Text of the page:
Tuberculosis in medical doctors in KwaZulu-Natal, South Africa : personal experiences and perceptions related to their diagnosis and treatment.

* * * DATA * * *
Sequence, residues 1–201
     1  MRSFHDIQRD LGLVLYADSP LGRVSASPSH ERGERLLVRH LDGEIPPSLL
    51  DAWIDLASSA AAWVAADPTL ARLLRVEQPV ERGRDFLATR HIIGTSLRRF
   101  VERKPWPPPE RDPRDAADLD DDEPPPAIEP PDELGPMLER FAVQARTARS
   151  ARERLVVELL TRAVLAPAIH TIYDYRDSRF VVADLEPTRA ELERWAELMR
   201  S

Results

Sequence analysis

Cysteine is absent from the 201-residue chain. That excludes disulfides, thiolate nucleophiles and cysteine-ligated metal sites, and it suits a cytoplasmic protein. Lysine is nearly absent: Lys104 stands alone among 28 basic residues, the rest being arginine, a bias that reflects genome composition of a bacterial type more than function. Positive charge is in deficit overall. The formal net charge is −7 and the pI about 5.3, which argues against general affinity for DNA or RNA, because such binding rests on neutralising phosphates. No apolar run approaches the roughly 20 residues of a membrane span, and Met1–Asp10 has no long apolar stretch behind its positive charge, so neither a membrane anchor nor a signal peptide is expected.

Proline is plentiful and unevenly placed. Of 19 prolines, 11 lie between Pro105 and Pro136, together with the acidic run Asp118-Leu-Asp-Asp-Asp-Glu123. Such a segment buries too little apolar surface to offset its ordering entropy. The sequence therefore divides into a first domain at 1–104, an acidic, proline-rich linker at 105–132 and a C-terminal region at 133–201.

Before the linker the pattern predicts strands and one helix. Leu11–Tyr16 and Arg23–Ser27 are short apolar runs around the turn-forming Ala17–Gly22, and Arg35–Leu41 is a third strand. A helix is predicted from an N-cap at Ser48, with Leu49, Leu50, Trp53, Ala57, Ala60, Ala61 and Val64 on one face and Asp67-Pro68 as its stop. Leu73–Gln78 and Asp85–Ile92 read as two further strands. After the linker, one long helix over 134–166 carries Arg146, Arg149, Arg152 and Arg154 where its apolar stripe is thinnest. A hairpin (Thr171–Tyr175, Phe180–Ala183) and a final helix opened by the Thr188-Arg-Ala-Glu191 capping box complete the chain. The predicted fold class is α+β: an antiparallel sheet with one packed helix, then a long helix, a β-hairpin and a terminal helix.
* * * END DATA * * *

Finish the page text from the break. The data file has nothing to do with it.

Title: Tuberculosis in medical doctors in KwaZulu-Natal (South Africa): Personal experiences and reflections related to their diagnosis and treatment. Background: The high tuberculosis (TB) incidence and prevalence fuelled by the concomitant HIV epidemic in South Africa has resulted in a high rate of tuberculosis infection in health care workers. This is the first study to investigate the experiences and reflections of doctors who were diagnosed with active TB during their employment in high TB burden hospitals in KwaZulu-Natal, South Africa. Methods: Consecutive medical doctors working in both the public and private sectors and who were treated for active tuberculosis between 2007 and 2010 were contacted to participate in the study. Each participant completed an informed consent and a validated anonymous self-administered questionnaire. The study received ethical approval from the University of KwaZulu-Natal. Results: Forty doctors participated in the study. The mean age of participants was 33.67±10.63 years. The majority were between 21 and 40 years of age (males (52.5%), and employed in the public sector (95%). Four (10%) had MDR-TB. A number of participants were referred for costly special investigations which are not considered to be part of first line care in South Africa. For example, 15 participants (37.5%) underwent chest CAT scans during the diagnostic period. Eight doctors reported complications following invasive procedures. Nineteen (47.5%) of the 33 participants (82.5%) who had experienced sideeffects related to anti-TB drugs had considered defaulting on their treatment because of the side-effects of these drugs. Many participants expressed concerns about the uncaring attitudes of senior medical colleagues and hospital management. The majority of participants had introspected on their illnesses and experiences and committed themselves to become more caring and empathic towards their patients in future. Conclusions: All health care workers and particularly nurses and medical doctors working in environments with a high burden of infectious diseases such as HIV and TB, are at increased risk to TB infection. They encounter various personal and professional problems following contraction of TB infection. These experiences had impacted in many ways on their professional lives, and some doctors have since left the medical profession because of these experiences. The risks associated with TB must be minimised. Much more therefore remains to be done in the public health care system if these trends are to be reversed; this includes health policy changes, health system changes and attitudes of medical colleagues towards medical doctors who become “victims of illnesses acquired in the course of duty”.
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